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Please consider the com.google.common.collect.ImmutableMap

Programming to its interface, Map , creates a bug that could blow-up in the runtime as such:

Map<String, Integer> myMap = ImmutableMap.copyOf(justSomeMap);
myMap.put(key, val); // bang. runtime error.

In this case, the idea of "program to the interface, and don't worry about the implementing class" introduces a possible runtime bug.

The author of the ImmutableMap factory method recognized that and made the return type a class, not an interface. The methods that mutate Map were deprecated in ImmutableMap thus allowing the compiler to issue warnings.

  • Is everything I said above correct?

Next, a new interface ImmutableMapInterface could have easily been created for the ImmutableMap class. ImmutableMapInterface would exactly be Map but just without the methods that would allow ImmutableMap to mutate. Were there ImmutableMapInterface , you can keep programming to interfaces.

So, why is there no ImmutableMapInterface ? I am going to guess the reason is just expediency. I agree. Creating an interface for every single class sounds a little too extreme. right?

  • Maybe Java hasn't considered it, but C# does have immutable interfaces. – Arturo Torres Sánchez Mar 24 '15 at 2:23
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    @ArturoTorresSánchez .net has its own goofiness like System.Array implementing IList – Matthew Mar 24 '15 at 3:57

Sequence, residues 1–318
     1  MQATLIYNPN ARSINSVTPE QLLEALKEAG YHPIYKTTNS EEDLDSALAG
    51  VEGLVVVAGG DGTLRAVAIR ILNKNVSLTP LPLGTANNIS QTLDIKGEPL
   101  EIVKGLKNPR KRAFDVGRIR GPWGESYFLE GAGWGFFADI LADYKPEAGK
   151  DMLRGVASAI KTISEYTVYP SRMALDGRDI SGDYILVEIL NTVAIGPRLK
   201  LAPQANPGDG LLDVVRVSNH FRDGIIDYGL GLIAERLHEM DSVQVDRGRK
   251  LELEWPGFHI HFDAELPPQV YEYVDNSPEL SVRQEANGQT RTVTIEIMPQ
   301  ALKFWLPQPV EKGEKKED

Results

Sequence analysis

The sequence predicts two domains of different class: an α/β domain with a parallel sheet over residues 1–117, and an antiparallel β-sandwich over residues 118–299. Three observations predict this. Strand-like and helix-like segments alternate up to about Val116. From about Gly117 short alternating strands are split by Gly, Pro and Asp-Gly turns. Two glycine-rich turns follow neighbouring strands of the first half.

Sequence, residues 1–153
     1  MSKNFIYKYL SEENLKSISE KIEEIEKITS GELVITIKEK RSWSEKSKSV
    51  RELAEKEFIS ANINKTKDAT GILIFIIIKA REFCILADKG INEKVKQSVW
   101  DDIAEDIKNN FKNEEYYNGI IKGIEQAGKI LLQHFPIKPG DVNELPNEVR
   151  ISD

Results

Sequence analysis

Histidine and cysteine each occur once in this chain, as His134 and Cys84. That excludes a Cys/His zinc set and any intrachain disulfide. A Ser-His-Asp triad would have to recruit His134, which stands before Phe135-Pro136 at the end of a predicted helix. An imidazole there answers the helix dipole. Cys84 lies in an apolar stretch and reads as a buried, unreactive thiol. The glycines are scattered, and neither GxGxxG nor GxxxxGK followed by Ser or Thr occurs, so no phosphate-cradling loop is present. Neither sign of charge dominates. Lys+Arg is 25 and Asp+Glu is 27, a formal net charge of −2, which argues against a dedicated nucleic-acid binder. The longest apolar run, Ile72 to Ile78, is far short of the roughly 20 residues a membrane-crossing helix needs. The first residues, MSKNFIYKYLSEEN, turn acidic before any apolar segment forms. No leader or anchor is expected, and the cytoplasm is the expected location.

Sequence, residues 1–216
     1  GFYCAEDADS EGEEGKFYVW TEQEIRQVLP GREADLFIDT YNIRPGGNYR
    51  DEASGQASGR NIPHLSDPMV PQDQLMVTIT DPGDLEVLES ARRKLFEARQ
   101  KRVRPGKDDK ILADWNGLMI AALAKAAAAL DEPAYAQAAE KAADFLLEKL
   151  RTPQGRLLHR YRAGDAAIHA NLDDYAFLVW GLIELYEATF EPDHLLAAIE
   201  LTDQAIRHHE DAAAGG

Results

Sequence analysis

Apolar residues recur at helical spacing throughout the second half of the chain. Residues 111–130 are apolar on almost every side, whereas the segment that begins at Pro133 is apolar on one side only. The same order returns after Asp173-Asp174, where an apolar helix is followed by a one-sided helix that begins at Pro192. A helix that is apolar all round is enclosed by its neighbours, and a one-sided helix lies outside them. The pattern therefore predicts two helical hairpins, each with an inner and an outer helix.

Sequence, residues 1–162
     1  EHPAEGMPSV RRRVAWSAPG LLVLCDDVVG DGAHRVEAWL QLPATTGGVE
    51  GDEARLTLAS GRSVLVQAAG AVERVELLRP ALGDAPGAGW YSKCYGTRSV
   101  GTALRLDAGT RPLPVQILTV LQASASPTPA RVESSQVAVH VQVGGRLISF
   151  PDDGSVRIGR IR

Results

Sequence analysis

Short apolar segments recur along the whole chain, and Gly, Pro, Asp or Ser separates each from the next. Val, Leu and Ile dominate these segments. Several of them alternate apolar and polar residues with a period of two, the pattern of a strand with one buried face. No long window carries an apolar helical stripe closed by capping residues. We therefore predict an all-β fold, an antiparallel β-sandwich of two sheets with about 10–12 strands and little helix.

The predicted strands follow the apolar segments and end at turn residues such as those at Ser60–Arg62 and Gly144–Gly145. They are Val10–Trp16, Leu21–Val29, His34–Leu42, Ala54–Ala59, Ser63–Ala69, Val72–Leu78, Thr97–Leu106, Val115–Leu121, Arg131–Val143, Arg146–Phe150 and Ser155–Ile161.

• I think this is a case of legacy concerns putting you between a rock and a hard place rather than anything relating to interfaces. You would also be worse of if the generality of map was achieved through a common base class rather than a interface. – monocell Mar 24 '15 at 16:15
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Java does this in a few occasions and it is an abomination unto man.

This sort of thing is a textbook violation of the Liskov Substitution Principle, which leads to the sort of bugs you describe. Well written code does not do that.

You are right that making an interface for every single class is absurd. You need to use a little pragmatism in deciding what to make an interface for and what not to. The other thing to remember is that advice existed back in the C, C++ days. "Program to an interface" does not mean a literal interface in Java or C#. It works just as well with web apis or Internet protocols... Here an interface is a guaranteed/exposed behavior, not the underlying implementation.

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